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later life.

Whether or not stimulus analysers are wired-in at birth or established by experience, it is possible that they will be sensitive to the motivational demands of the moment. It is likely that animals pay more attention to food when they are hungry than at other times and are alerted to any strange external stimulus by pain or danger (Bindra, 1969). Illness, as well as hunger, appears to predispose rats to notice tastes (p. 73). Effects such as these may have various causes, but it is convenient to summarize them by stating that the attention given to stimuli varies with their importance. The importance may change directly as a function of internal drives or more indirectly by the learning processes discussed in following sections. Diverse motivational effects are found in studies of human attention, including blocking of attention to obscene words, and enhanced sensitivity to the stimulus of one's own name (A4).

The effects of habituation and classical conditioning on attention

According to Sokolov (1963) it is possible for the conditioned response to become automatic after a time so that it is made with less `attention' in this sense. On the whole, though, it is true to say that our attention to a stimulus declines as habituation progresses and increases during classical conditioning. But this meaning of `attention', as similar to the orienting response, is not quite the same as selective attention which is the basis of a recent theory of discrimination learning (Sutherland and Mackintosh, 1971). The orienting reaction has more to do with alertness and arousal, or even awareness, produced by external stimuli, whereas selective attention deals with which aspect of a particular stimulus (for instance colour, shape or brightness) is perceived or processed. When you consider that there is yet another separate meaning of `attention' - that of mental effort or concentration - it is less surprising that some psychologists try to avoid using the word altogether, by referring to `stimulus control' instead.

Operant reinforcement for paying attention

The theory of Sutherland and Mackintosh (1971) is too complicated to be properly dealt with here but one of their basic assumptions is shared by a number of other theorists. This is the assumption that attention is paid to aspects of stimuli which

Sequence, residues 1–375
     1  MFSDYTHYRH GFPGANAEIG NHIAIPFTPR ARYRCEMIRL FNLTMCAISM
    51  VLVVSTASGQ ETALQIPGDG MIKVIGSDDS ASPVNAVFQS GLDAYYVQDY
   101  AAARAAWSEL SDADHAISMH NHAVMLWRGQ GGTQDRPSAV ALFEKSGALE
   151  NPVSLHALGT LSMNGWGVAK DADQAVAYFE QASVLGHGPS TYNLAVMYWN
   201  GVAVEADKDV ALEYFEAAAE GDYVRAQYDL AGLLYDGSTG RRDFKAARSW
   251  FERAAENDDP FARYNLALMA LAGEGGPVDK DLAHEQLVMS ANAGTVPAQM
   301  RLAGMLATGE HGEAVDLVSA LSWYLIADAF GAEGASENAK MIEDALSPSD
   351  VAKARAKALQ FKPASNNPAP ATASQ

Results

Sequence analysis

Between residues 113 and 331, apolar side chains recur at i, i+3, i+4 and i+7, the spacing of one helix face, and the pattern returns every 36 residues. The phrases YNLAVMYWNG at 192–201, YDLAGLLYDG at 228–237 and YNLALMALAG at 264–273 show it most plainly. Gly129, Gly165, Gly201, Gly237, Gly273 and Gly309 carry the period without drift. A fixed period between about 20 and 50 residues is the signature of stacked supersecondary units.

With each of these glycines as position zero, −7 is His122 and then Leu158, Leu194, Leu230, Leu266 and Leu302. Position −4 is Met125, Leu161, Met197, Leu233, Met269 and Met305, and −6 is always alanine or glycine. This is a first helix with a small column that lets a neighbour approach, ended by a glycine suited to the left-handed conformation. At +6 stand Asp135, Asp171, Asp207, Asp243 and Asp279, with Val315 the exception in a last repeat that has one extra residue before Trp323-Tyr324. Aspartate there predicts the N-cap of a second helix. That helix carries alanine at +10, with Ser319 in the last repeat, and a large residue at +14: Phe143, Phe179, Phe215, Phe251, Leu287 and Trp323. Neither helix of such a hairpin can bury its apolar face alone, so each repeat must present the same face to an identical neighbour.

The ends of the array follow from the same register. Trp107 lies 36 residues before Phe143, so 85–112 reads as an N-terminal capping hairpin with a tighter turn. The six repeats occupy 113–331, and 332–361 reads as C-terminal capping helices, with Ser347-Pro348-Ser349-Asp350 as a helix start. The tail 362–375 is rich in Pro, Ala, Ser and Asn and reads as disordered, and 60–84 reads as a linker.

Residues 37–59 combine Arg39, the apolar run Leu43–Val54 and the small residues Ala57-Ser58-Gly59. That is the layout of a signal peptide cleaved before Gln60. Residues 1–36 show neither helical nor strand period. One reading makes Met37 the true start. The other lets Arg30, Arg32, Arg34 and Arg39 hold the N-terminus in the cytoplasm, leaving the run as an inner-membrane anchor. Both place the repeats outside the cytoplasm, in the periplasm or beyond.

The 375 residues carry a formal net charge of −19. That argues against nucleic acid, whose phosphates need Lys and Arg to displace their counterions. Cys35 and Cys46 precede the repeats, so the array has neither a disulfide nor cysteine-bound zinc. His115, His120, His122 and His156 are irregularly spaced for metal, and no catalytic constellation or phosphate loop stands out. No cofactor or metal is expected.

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are important while other aspects are ignored. Tests of this assumption can be made when what is important is the reinforcement in discrimination learning. The implication is that in all forms of discrimination learning, stimulus information of certain types is only processed for as long as the processing `pays off' in terms of associations with reinforcement. In more specialized terms `an analyser is strengthened when its outputs consistently make predictions about further events of importance to the animal' (Sutherland and Mackintosh, 1971). The selective utilization of certain aspects of stimulus displays is most obvious when animals are specifically trained to pay attention to different kinds of stimulus at different times, or to ignore some types of visual information. Reynolds (1961), for instance, trained pigeons to pay attention to the colour of a disc and ignore the shape of a superimposed shape some of the time, but the rest of the time to ignore colour and respond according to shape. The signal for which feature of the disc to attend to was given by the intensity of a side lamp. The method of training was to give reinforcements according to colour in one phase, but according to shape in the other. In a similar experiment, Ray (1969) first trained monkeys with separate stimuli. They had to press the left-hand lever if a vertical line was presented but the right-hand for a horizontal line, in the first problem. Then one of two colours were shown and they had to press left for red, but right for green. Now the monkeys were put in a situation of conflict, by presenting them with a vertical line on a green background. One stimulus told them to press right, and another to press left. The quandary could be resolved, because the rewards were obtained by pressing left for the green vertical display, but right for the red horizontal display. Tests showed that the monkeys accomplished this correct solution by ignoring the colours altogether and working on the basis of the vertical and horizontal lines, instead of learning that the colours now meant the opposite of their original training.